Tuesday, May 21, 2024

Kurosawa Watch: The Hidden Fortress (1958)

Watched:  05/21/2024
Format:  Criterion
Viewing:  First
Director:  Akira Kurosawa

A really pretty fascinating, human movie about a princess being smuggled incognito across feudal Japan, The Hidden Fortress (1958) is a cinema classic that I'd missed til this point.  A large-scale, gorgeous film, it can read a bit like a fable, with the point - beyond its existence as a rollicking samurai movie - revealing itself in the final scenes, feels organic and still provides a bit of catharsis as the plot threads come together.

The story follows two bumbling, inept peasants who can't seem to do anything right.  They're greedy to a fault, believe themselves clever (they are not, and are constantly shown to make terrible mistakes), and probably terrible people.  They even arrived too late to participate in a war they thought would enrich them, and were caught and pressed into work digging graves.  Heading home, they stumble across a Toshiro Mifune, who is a samurai general travelling incognito.  He's stowed the heir to the throne of his clan in a hidden fortress.

Taking the wealth needed to restart the clan and the princess, the peasants, the general and the princess (posing as a mute country girl) travel across the land trying to reach home and safe harbor, the peasants unaware of their companions' identity and doing it for the massive amounts of gold that they're transporting.

There's plenty of action as the group travels, with run ins with locals and the enemy army.  They pick up a girl kidnapped and pressed into prostitution.  And generally its a race against time and fortune.

As the film draws to a close, the good deeds performed by the general and the servant girl pay off, and the princess, returned to her thrown, has seen the world with new eyes.  Unable to bark commands, and forced into an observer role, she's gained a new perspective that appreciates the nobility of her general while also seeing how the world really works - via her bumbling travelling companions and sacrifice of others.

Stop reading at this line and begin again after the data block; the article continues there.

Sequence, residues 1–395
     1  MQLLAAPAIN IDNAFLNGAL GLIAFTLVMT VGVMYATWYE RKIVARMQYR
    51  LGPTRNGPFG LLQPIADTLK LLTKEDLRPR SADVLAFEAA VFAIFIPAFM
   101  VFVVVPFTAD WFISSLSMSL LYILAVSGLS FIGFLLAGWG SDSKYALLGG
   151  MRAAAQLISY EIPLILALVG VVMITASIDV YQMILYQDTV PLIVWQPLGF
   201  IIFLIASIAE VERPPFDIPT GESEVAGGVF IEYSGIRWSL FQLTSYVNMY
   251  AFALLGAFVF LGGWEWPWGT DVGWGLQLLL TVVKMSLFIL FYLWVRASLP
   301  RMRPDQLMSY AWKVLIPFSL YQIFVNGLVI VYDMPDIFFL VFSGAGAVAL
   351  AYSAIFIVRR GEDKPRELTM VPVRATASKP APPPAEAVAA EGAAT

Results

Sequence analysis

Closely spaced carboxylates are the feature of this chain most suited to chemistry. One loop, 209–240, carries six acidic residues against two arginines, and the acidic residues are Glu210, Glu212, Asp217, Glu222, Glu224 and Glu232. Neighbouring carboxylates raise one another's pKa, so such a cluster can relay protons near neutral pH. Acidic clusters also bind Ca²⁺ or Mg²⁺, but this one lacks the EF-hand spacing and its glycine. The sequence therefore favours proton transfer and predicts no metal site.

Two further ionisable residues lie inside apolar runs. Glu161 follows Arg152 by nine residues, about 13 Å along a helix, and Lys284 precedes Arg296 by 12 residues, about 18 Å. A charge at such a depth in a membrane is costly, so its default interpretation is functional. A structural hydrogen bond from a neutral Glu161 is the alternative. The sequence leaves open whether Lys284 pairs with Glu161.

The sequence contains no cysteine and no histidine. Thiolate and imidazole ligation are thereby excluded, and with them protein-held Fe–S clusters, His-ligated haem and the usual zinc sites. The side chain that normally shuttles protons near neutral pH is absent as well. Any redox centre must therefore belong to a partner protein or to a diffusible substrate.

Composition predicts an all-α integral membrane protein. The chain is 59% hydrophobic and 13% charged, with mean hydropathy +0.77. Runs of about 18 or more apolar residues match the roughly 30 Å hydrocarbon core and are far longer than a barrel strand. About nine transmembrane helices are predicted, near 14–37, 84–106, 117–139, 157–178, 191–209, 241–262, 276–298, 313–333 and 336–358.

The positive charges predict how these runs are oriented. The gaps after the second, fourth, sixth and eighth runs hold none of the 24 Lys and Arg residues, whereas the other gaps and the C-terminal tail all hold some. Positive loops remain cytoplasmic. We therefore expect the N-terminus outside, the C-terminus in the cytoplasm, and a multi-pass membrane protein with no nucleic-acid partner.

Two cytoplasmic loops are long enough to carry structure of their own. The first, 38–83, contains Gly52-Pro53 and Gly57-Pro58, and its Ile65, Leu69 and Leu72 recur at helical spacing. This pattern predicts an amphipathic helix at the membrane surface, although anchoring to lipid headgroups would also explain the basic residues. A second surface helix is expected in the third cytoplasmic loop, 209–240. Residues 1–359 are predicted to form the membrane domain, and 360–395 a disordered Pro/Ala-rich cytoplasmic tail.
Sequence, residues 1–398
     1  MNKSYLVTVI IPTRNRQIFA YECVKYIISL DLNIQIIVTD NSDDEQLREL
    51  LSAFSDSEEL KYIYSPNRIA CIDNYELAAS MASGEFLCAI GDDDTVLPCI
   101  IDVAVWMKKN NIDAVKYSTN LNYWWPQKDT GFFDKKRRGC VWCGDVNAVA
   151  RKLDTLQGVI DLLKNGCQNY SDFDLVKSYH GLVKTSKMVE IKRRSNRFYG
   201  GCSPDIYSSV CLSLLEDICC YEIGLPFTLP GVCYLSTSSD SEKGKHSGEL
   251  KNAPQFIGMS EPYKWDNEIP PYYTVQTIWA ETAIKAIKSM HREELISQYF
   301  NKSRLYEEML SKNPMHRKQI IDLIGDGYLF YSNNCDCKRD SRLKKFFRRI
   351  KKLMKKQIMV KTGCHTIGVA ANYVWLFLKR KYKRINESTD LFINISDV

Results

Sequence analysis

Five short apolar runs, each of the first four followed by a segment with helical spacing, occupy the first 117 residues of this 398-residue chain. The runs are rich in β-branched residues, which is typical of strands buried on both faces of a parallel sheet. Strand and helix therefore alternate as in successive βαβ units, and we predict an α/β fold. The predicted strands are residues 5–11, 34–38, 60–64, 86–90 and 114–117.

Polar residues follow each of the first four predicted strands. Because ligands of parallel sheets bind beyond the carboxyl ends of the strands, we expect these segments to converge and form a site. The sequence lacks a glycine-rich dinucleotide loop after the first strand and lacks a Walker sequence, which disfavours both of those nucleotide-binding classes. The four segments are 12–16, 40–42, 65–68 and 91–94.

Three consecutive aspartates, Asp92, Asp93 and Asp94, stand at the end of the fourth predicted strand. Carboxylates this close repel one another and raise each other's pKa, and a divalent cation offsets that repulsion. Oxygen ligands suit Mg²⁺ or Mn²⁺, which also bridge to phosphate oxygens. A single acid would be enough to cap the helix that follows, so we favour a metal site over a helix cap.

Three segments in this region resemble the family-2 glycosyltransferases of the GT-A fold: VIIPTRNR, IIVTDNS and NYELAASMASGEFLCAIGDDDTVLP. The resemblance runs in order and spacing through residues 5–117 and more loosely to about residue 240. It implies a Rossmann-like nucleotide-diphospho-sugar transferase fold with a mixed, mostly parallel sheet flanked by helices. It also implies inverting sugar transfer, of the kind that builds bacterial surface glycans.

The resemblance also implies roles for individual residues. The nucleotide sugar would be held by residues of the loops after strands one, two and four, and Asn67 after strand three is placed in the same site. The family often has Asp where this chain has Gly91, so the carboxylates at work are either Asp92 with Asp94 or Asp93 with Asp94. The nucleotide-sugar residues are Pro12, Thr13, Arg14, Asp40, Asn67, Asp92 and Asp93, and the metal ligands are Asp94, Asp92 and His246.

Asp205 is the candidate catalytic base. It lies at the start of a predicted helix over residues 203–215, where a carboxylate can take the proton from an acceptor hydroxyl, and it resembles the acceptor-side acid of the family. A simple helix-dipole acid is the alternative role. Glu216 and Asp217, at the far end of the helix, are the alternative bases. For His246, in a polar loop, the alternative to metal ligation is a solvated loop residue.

Since probably the late 1990's, I'd heard of The Hidden Fortress as an influence on George Lucas and his writing of Star Wars.  I figured "oh, yeah, well, I guess the Death Star is a hidden fortress".  And I'd heard that there were two characters who would inform R2D2 and C3PO.  It's like the fourth sentence in the wikipedia article on the movie.

Look, Star Wars is a mish mash of pop culture references and the use of very old story telling techniques.  I won't get into it too much here, but I think the comparisons are overblown, just as much as they are to The Searchers, the other movie people are constantly saying "this is Star Wars!"  But the actual hidden fortress of the film has nothing to do with death stars and the two who are supposed to be our droid pals play a completely different role and have personalities and motives that have nothing in common with the peasants. There's a princess who's tough as nails, but the role is vastly different. 

It's a superficial comparison at best, but there's a plot beat or two where I can see it.  And from I understand of at least one draft of Luke Starkiller, there likely were many more comparisons at one point.

Mostly, the comparison detracts from what this film is about, and what it does on its own.  It's not serving as a template for something else, nor is it a stepping stone so we get a movie with which we're already familiar.  

The Hidden Fortress occasionally feels like an epic.  There's a huge cast of extras, amazing sets and costumes, stunning sequences like the fire festival, terrific fight scenes and sweeping vistas.  It moves effortlessly between the low comedy of the peasants and their ability to put themselves into dumb situations and the higher air of the noble characters as they interact with each other as well as with the peasants.

It's also a movie for not-kids.  While certainly safe for teens to watch, there's the constant threat of sexual violence to the princess and others, and the violence that can occur.  And I'm not sure the themes and discussions within the film will mean much to anyone under the age of 13.  I was a bit surprised with the blunt depiction of women (very Team Bear) in the movie.

I dug it.  It was not what I figured based on all the Star Wars chatter, and that's great.  It's certainly something I'd watch again, once I'm more familiar with this brand of film making, the era and other films in the genre.

As a side note, it is interesting to consider the negotiations between Criterion and Toho.  As Toho is responsible for a lot of Kurosawa, as well as Godzilla, the internal discussions at Criterion as to what they'd distribute must have been interesting.  Must have been a curious negotiation.

No comments: